We report very long baseline array (VLBA) observations at 2.3, 8.4, and 15.4 GHz towards nine gigahertz peaked spectrum (GPS) sources. One Seyfert 1 galaxy, one Seyfert 2 galaxy, three radio galaxies, and four quasars were included in our survey. We obtained spatial distributions of the free–free absorption (FFA) opacity with milliarcsecond resolution for all sources. It is found that type 1 (Seyfert 1 and quasars) and type 2 (Seyfert 2 and radio galaxies) sources showed different distributions of the FFA opacities. The type 1 sources tend to show more asymmetric opacity distributions towards a double lobe, while those of the type 2 sources are rather symmetric. Our results imply that the different viewing angle of the jet causes the difference of FFA opacity along the external absorber. This idea supports the unified scheme between quasars and radio galaxies, proposed by Barthel (1989).
We report results from nearly simultaneous pentachromatic VLBI observations towards a nearby GPS galaxy NGC 1052. The observations at 1.6 and 4.8 GHz with the VSOP, and at 2.3, 8.4, and 15.4 GHz with VLBA, provide linear resolutions of ∼0.1 pc. Convex spectra of a double-sided jet imply that synchrotron emission is obscured through foreground cold dense plasma, in terms of free–free absorption (FFA). We found a central condensation of the plasma which covers about 0.1 and 1 pc of the approaching and receding jets, respectively. A simple model with a geometrically thick plasma torus perpendicular to the jets is established to explain the asymmetric distribution of FFA opacities.
We are deploying a new station for sub-millimeter Very Long Baseline Interferometry (VLBI) to obtain shadow images of Supermassive Black Hole (SMBH). Sub-mm VLBI is thought to be the only way so far to get the direct image of SMBH by its shadow, thanks to the superb angular resolution and high transparency against dense plasma around SMBH. At the Summit Station on Greenland, we have started monitoring the opacity at sub-mm region. The Summit Station subtends long baselines with the Atacama Large Milimeter/submillimeter Array (ALMA) in Chile and Submillimeter Array (SMA) in Hawaii. In parallel, we started retrofitting the ALMA North America prototype telescope (renamed as Greenland Telescope: GLT) for the cold environment.
Control of crystal orientation of vertically grown epitaxial Si (111) and (110) nanowire arrays on Si substrate has been demonstrated using a combination of an anodic aluminum oxide (AAO) template and vapor – liquid – solid (VLS) growth method. The crystal orientation of the nanowire was investigated by transmission electron microscopy. A growth direction of the nanowire arrays was guided perpendicular to the surface of the substrate by the AAO template, and the crystal orientation of the nanowire arrays was selected using the single crystal Si substrate properly cut in desired orientation.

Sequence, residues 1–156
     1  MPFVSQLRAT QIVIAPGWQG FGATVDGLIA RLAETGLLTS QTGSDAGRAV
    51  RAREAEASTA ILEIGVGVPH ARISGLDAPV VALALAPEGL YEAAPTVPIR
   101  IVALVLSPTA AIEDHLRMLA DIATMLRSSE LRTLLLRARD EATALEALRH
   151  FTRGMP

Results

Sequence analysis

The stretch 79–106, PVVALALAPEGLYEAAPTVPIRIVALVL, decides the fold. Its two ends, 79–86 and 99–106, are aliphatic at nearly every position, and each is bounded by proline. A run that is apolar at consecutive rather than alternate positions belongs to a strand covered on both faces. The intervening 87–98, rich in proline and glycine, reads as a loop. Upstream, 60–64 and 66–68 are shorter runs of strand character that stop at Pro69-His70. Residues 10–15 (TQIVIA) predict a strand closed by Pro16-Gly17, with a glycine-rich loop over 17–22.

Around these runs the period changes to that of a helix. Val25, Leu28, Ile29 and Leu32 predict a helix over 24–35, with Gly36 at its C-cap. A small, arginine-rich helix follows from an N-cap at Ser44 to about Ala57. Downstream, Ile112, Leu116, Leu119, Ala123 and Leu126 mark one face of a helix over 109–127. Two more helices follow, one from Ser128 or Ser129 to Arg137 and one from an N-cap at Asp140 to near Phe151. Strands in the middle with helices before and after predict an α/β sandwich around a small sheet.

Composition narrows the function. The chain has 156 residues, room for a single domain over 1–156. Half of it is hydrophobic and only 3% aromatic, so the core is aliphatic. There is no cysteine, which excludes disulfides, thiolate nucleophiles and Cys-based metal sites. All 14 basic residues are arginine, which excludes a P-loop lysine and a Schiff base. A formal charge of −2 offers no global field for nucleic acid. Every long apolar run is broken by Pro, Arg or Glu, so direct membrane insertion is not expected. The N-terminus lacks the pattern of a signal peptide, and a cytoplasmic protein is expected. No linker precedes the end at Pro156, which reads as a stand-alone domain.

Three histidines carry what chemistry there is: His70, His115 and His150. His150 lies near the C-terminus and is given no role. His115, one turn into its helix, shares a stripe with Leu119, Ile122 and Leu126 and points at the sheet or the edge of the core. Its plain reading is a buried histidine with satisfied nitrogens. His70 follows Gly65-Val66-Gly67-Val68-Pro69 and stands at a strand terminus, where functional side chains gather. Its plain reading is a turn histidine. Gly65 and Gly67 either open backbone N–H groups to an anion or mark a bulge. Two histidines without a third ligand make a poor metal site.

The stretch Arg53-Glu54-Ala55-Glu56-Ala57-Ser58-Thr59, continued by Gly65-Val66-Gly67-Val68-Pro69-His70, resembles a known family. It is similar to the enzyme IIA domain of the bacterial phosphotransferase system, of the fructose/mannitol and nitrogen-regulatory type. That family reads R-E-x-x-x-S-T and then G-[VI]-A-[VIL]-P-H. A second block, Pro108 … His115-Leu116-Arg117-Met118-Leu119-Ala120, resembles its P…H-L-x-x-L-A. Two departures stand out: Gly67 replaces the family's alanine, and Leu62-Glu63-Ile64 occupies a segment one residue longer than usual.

We report results of our European VLBI Network observations towards M 87 jet at 1.6 GHz in order to study the velocity field. We revealed continuous jet up to 500 mas from the core and HST-1 component. We have not detected any proper motion for the components within first 160 mas from the core and significant superluminal motions from 2.5 to 3.5 c for the HST-1 components. Those are in good agreement with previous observations. We derived proper motions for the components about 160 to 500 mas from the core. Interestingly, the measured proper motions are faster than that of the inner components and slower than that of HST-1 components. It may suggest the possible acceleration region for superluminal features of M 87 jet.
The first dedicated space-VLBI project, the VLBI Space Observatory Programme (VSOP), commenced with the successful launch of radio-astronomical satellite HALCA in 1997. Plans for a second generation space-VLBI project have been made by a working group over a number of years. This project, VSOP-2, has now been approved by Japan's space agency, JAXA, as the ASTRO-G project. It is planned for the spacecraft to observe in the 8, 22 and 43 GHz bands with cooled receivers for the two higher bands, which include important maser lines. It will have a maximum angular resolution at 43 GHz (7 mm) of about 40 micro-arcseconds. Although the VSOP project mainly observed continuum emission from active galactic nuclei (AGN), VSOP-2/ASTRO-G is expected to enable a variety of high angular resolution maser line observations.
Porous Pd42.5Cu30Ni7.5P20 bulk glassy alloy rods with porosities up to 71% were successfully prepared by water quenching in a 15 MPa hydrogen atmosphere, followed by heat treatment in a supercooled liquid state. Pores with sizes up to 80 μm were homogeneously distributed over the whole cross-sectional area. Under compressive deformation, the porous alloys with porosities exceeding 41% did not show macroscopic fracture in a wide compressive strain range up to 0.6. Mechanical tests with porous alloy rods whose pores are anisotropically oriented indicate that the plasticity of the porous alloy is strongly affected by stress concentration factor.
High-energy protons are generated by focusing an ultrashort pulsed
high intensity laser at the Advanced Photon Research Center, JAERI-Kansai
onto thin (thickness <10 μm) Tantalum targets. The laser
intensities are about 4 × 1018 W/cm2. The
prepulse level of the laser pulse is measured with combination of a PIN
photo diode and a cross correlator and is less than 10−6.
A quarter-wave plate is installed into the laser beam line to create
circularly polarized pulses. Collimated high energy protons are observed
with CH coated Tantalum targets irradiated with the circularly polarized
laser pulses. The beam divergence of the generated proton beam is measured
with a CR-39 track detector and is about 6 mrad.